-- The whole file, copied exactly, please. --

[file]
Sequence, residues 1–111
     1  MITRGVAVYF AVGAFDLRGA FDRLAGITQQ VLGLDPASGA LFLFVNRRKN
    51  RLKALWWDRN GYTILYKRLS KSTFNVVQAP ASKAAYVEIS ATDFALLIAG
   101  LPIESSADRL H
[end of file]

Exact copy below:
Sequence, residues 1–111
     1  MITRGVAVYF AVGAFDLRGA FDRLAGITQQ VLGLDPASGA LFLFVNRRKN
    51  RLKALWWDRN GYTILYKRLS KSTFNVVQAP ASKAAYVEIS ATDFALLIAG
   101  LPIESSADRL H